Peace Boat is open to everyone regardless of age, gender, sexuality, nationality, ideology or creed. The largest age group onboard is composed of retired people, but there are also many young people. The majority of people who participate in Peace Boat voyages are Japanese. They come from various walks of life and represent all ages. Between 800-1000 people join each voyage.

For most people, it is a once in a lifetime once to travel around the world. Everyone has a different reason why they join Peace Boat. Some have worked so hard all their life so they want to see the world when they retire. Some want to take time off and think about their life and career. Some want to take a GAP year. Some want to leave a new language (through the GET Programme). Everyone on Peace Boat has an interesting story and that is what makes the Peace Boat experience so interesting.

 

How to be part of it?

As participants (if you have saved enough money!)

You can join as an international passenger! Even though life onboard is mainly conducted in Japanese as the majority of participants onboard are from Japan, you can learn much about the Japanese language and culture onboard. There are many nationalities onboard and so there is always a lively international presence and many people communicate in English and sometimes Spanish. Find out more here!

 

As volunteers (if you have the skills and heart!) 

a) Interpreters (Communication Coordinators)

Volunteer interpreters will facilitate exchanges between international guests onboard, local people in ports and Japanese speaking participants. I think the Communication Coordinators (CCs) work very hard as they have to provide translations for many onboard and port activities. I am so impressed by how talented they are and the incredible opportunities they have when they  participate in many meaningful events and interact with many guest educators. The CCs on the 88th Voyage were amazing! They became great friends who helped me all the time. Find out how to be an interpreter here!

b) English or Spanish teachers for the GET (Global English / Espanol Training) Programme

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The volunteer teachers work for Peace Boat’s onboard language programme is known as GET (Global English / Espanol Training) Programme. GET is a communication-based programme that aims to improve students’ communicative ability and instill confidence in using English and/or Spanish through a dynamic combination of onboard classroom study, language based events and activities, and exchange programmes in ports of call.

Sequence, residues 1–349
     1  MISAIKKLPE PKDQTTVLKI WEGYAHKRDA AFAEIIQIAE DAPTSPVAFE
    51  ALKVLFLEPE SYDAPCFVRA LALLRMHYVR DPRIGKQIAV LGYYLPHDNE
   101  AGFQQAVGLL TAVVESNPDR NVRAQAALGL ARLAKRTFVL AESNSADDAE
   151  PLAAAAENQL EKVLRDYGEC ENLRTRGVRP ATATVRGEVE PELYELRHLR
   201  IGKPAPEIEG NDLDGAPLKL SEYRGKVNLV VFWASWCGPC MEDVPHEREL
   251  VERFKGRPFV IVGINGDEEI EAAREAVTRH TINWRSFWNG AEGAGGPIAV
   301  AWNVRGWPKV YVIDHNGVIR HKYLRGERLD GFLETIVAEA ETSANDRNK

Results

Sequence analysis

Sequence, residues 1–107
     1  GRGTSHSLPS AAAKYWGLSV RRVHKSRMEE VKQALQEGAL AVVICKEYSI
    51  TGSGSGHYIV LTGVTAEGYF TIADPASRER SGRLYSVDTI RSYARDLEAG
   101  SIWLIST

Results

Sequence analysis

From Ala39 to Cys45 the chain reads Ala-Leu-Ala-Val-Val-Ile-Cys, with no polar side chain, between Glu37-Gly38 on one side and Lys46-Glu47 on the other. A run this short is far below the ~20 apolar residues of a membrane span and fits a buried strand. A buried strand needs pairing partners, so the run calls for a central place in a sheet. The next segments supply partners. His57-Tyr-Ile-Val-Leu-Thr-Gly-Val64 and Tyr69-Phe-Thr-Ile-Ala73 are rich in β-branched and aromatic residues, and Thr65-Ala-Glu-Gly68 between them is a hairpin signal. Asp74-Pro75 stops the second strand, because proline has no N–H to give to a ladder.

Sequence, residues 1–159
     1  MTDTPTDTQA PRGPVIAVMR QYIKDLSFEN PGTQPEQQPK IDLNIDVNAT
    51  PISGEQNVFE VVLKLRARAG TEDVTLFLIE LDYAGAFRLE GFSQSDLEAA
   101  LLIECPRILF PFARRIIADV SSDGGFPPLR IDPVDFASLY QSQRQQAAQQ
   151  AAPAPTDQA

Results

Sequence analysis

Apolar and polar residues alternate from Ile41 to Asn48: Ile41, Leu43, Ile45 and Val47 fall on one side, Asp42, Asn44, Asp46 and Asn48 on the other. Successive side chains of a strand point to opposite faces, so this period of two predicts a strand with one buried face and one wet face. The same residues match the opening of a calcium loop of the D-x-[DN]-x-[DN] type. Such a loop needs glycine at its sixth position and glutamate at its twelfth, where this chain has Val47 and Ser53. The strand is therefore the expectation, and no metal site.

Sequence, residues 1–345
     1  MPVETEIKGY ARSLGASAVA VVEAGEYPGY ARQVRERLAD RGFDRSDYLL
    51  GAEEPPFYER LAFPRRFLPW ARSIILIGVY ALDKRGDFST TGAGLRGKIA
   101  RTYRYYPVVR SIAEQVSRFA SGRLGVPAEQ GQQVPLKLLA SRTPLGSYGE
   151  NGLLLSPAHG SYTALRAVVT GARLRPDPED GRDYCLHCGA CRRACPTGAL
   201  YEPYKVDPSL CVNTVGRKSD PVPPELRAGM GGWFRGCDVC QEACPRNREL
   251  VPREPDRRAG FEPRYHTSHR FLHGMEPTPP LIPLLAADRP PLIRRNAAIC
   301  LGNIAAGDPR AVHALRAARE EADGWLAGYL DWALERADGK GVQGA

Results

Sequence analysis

A significant proportion of participants on board Peace Boat join GET. There is a representative cross-section of ages, coming from all walks of life. Some have studied English and/or Spanish extensively, while others are tackling the language for the first time.

The volunteer teachers must fulfill a list of requirements:

  • Have at least 18-months of relevant full-time English/Spanish language teaching experience.
  • Be a highly advanced speaker of English – it is not necessary to be a ‘native’ or ‘first-language’ speaker.
  • Have experience or a definite interest in the areas of peace and global education in language teaching
  • Proven ability to independently design curricula and create original lesson plans.
  • Experience working both independently and as part of a team.
  • Ability to be flexible, a good communicator, and have volunteer spirit.
  • Be in sound physical and mental health – capable of working long days and for long periods at sea.
  • Have access to consistent and reliable internet access for the months leading up to the voyage so as to participate in pre-voyage study.

Applicants with the following will be looked upon favorably:

  • Teaching qualification(s): CELTA, TEFL, TESOL, or similar.
  • Experience with public speaking or addressing large audiences and being on stage.
  • A specific interest in improving their language and peace education skills.
  • Japanese language ability.
  • Experience teaching in Japan and/or understanding of Japanese culture.
  • Experience living and working in foreign countries or with foreign cultures.

For more information, visit here and download the updated application pack!

I was very lucky to be able to join the 88th Peace Boat Voyage as a volunteer English teacher. I was working in Okinawa as an Assistant Language Teacher (ALT) in the Japan Exchange and Teaching Programme (JET ) when I applied for Peace Boat. 

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Journey to be a volunteer teacher on 88th Peace Boat Voyage

Timeline 

  • January: Started preparation